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Village of the Red-crowned Cranes

For many years, Tsurui Village in Hokkaido has conducted conservation activities to protect red-crowned cranes, with many flying in to the village to feed in winter months.

Measuring 1.4 meters in length and with a wingspan of 2.4 meters, the red-crowned crane is one of the largest wild birds in Japan. It has a patch of red on the crown, overall white plumage, a black neck, and black patches on its wings. While some, like the hooded crane and white-necked crane, migrate from continents such as Siberia and China to winter in Japan, places such as Kushiro Shitsugen marsh in eastern Hokkaido are home to red-crowned cranes year-round. From November to March, as food becomes scarce, the cranes gather at winter feeding sites established close to human habitation. Tsurui-Ito Tancho Sanctuary in Tsurui Village is one such site. In winter, some 300 red-crowned cranes fly in to feed at the sanctuary, established for their protection over approximately 12 hectares on the northern extremity of Kushiro Shitsugen. This is a rare opportunity to observe the cranes, which inhabit the interior of the marshlands outside the winter months.

While red-crowned cranes currently inhabit mainly eastern Hokkaido, until the Edo period (1603–1867) they bred all over the island, with some migrating to tidal flats and marshlands in the Tohoku and Kanto regions in winter.

“Red-crowned cranes were a very common sight on the outskirts of Edo (present-day Tokyo), as we can see from their depiction as part of the Edo landscape in the works of the famous late-Edo period ukiyo-e artist Utagawa Hiroshige. However, overhunting and the decline of wetlands and tidal flats due to development in the Meiji period (1868–1912) decimated their numbers until they disappeared altogether,” says Harada Osamu, a staff member at the Wild Bird Society of Japan and Chief Ranger at the Tsurui-Ito Tancho Sanctuary.

At one point, red-crowned cranes were believed to be extinct in Japan. Then in 1924 a dozen or so birds were discovered in Kushiro Shitsugen. After that, the red-crowned crane was designated as a national protected species and extensive conservation activities commenced.

“Various measures were taken, such as releasing loaches into the rivers of the marsh to provide food for the cranes. While the effects were minimal initially, red-crowned cranes were saved from extinction in large part due to the voluntary initiatives of local people. One such person was the late Ito Yoshitaka, the dairy farmer in Tsurui Village who bequeathed his name to the sanctuary,” says Harada.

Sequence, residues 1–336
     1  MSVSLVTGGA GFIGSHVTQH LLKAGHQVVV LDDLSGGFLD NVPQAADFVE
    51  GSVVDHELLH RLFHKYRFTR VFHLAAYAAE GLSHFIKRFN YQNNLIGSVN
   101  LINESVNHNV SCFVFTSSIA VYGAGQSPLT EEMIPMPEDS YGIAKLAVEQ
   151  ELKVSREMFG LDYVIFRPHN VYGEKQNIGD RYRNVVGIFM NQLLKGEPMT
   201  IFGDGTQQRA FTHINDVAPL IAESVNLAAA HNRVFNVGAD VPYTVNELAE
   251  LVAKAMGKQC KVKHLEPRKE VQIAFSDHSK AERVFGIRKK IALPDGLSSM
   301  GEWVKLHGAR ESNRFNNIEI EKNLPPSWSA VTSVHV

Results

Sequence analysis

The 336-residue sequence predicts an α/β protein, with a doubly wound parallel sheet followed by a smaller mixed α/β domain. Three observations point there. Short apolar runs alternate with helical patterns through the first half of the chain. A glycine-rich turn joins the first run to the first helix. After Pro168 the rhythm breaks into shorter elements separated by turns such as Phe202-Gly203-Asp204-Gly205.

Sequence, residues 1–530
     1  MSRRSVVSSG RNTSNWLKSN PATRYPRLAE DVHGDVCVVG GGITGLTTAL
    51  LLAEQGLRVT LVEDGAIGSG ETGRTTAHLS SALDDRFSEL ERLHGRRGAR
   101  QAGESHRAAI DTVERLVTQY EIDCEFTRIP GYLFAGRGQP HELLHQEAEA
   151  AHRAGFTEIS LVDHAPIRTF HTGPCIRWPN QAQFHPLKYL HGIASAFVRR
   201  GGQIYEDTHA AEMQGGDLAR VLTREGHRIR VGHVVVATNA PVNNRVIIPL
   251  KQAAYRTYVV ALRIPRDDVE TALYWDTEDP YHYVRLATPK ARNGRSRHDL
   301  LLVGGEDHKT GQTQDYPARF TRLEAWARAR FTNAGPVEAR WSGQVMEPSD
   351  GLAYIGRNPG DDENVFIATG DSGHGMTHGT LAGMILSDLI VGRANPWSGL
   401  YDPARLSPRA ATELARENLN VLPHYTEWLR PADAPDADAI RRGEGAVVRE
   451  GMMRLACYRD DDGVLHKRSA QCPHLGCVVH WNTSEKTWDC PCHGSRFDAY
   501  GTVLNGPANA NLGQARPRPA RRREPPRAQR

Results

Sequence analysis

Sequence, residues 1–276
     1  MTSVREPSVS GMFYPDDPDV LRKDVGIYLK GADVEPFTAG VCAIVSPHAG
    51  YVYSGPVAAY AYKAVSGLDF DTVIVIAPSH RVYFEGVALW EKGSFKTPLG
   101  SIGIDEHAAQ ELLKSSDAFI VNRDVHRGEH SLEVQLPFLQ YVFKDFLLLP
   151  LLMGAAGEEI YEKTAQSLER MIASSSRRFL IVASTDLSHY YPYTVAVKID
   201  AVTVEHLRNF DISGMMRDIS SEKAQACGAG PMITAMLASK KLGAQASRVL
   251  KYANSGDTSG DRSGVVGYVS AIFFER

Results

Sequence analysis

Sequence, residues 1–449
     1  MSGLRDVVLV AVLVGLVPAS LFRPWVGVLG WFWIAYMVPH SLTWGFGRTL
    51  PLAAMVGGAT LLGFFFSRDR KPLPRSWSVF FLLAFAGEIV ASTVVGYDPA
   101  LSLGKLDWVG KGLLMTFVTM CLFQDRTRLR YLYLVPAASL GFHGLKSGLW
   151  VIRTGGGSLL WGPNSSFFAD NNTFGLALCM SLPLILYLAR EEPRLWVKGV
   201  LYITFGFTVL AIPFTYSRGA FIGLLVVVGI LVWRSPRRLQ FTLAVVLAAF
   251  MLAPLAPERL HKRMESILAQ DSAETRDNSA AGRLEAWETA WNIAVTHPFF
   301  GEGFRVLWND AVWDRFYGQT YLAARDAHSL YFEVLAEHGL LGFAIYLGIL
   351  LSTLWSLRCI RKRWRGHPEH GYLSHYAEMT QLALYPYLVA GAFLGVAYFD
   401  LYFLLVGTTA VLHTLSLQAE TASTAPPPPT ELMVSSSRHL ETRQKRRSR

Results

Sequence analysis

In the winter of 1966, Ito began feeding livestock feed and dent corn to a pair of red-crowned cranes that landed on his pasture. Thereafter, in addition to dairy farming he continued to feed the birds, until gradually the number of red-crowned cranes that survived the harsh winters to breed in the spring increased. In 1987, the Wild Bird Society of Japan established the Tsurui-Ito Tancho Sanctuary on land leased from Ito. The Sanctuary became a base not only for feeding and observation, but also for activities to protect the habitat of red-crowned cranes in Hokkaido. Ito was committed to protecting red-crowned cranes until his death in 2000 at the age of 81.

A 1987 survey conducted by Hokkaido Government counted just 383 red-crowned cranes. Today, however, thanks to the success of initiatives such as the conservation of their marshland habitat and the winter feeding program, population numbers have been restored to approximately 1,800. This has led the Wild Bird Society of Japan to shift the focus of its conservation activities away from increasing the number of red-crowned cranes.

“The concentration of red-crowned cranes in feeding sites during the winter season makes them more vulnerable to infectious diseases. There have also been problems associated with the birds encroaching on areas inhabited by humans, such as accidents involving contact with power lines and motor vehicles, as well as damage to crops. The Ministry of Environment, which administers the red-crowned cranes conservation and proliferation project, is now limiting the amount of feed distributed to encourage the birds’ natural dispersion. We have established seventeen natural feeding grounds alongside water that does not freeze to lower the birds’ dependence on the feed. We also support the activities of local people protecting red-crowned cranes in new habitats. I don’t know how many decades it will take but we will continue with our conservation activities so that one day red-crowned cranes may once again become a common winter sight in Honshu,” says Harada.